The new majority on the Lehigh County Board of Commissioners wants to kill the decades-long campaign to extend critical public health services to all residents in our two counties. I won’t go into a long account of the many merits of making sure people have access to immunizations, that restaurants be inspected so we are reasonably safe from cutting corners that can lead to ugly little diseases like salmonella or even being prepared for a terrorist attack on, say, our water supply.
I will say that the Lehigh Valley, largely through the thoughtful actions of the Pool Health Care Trust and the Two Rivers Health and Wellness Foundation, spent hundreds of thousands of dollars on planning the department and helping to argue its case with elected officials. I will also say that nearly every public interest constituency, from the various medical professional associations, the Chamber of Commerce, and the Lehigh Valley Partnership to the Leagues of Women Voters, United Way and this agency, endorsed this measure. And, more than one public opinion poll said that a clear majority of voters supported it.
But that doesn’t matter. It doesn’t matter, because this is not about the strength of the constituency in support of the measure, or the cost-effectiveness of the proposal, or even about the difference between right and wrong. This is about making a point. It’s about an ideological revulsion to collective good will manifesting itself through government action. It’s about disdain for those who just aren’t as lucky as these few individuals who would so recklessly abandon all this work over all these years.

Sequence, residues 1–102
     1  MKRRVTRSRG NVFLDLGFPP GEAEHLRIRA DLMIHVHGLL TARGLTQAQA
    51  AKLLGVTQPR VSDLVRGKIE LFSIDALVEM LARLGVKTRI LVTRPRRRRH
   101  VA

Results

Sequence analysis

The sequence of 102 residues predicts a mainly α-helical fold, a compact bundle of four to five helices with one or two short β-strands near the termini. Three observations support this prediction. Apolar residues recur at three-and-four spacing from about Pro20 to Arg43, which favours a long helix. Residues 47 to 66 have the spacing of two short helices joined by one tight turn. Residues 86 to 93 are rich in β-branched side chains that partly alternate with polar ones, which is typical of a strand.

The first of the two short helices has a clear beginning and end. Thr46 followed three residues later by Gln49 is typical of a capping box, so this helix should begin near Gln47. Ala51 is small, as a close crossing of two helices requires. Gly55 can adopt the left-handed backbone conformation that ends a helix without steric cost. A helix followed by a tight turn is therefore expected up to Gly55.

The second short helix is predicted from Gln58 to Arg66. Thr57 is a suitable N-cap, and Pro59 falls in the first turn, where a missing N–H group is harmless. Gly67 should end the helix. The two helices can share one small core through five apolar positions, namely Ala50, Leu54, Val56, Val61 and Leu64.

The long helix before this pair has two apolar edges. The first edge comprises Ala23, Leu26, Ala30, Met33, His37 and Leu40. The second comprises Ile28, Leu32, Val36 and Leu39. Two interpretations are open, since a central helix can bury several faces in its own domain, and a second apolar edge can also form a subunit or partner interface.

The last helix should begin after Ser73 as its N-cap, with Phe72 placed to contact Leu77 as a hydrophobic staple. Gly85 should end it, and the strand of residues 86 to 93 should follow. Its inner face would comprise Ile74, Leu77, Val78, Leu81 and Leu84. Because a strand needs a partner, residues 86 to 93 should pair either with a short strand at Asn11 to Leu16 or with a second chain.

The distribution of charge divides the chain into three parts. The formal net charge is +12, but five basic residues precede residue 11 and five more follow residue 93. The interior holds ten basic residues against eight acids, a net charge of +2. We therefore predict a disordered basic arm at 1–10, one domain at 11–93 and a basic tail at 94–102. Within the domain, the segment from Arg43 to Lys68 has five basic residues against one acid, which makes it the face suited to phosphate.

There is another big lie at work here. The patron saint of modern conservatives is Ronald Reagan, who famously argued that the solutions for our many societal challenges should not be found at the federal level. He argued that they should be the domain of state and local government and, even better, the private sector.
So, the health department that was not going to be funded at the federal level went begging at the state level. This governor said, no, my administration is not interested (even though he is from the same party as the patron saint). So, if our public health is going to be protected, the state’s default leads us to local government. These new commissioners, as I mentioned above, also defaulted.
When it comes right down to it, it isn’t about what level of government deals with issues that impair the quality of our lives, either collectively or individually. When it comes right down to it, most of them believe that anyone who can’t keep up has nobody to blame but themselves. Imagine our world if those who created Medicare or Social Security, public education, pollution restrictions, child labor laws, or even traffic lights felt the same way.
I don’t know how many people yearn for the nineteenth century, but I hope the sum total are those few who have somehow managed to be in the majority on the Lehigh County Board of Commissioners.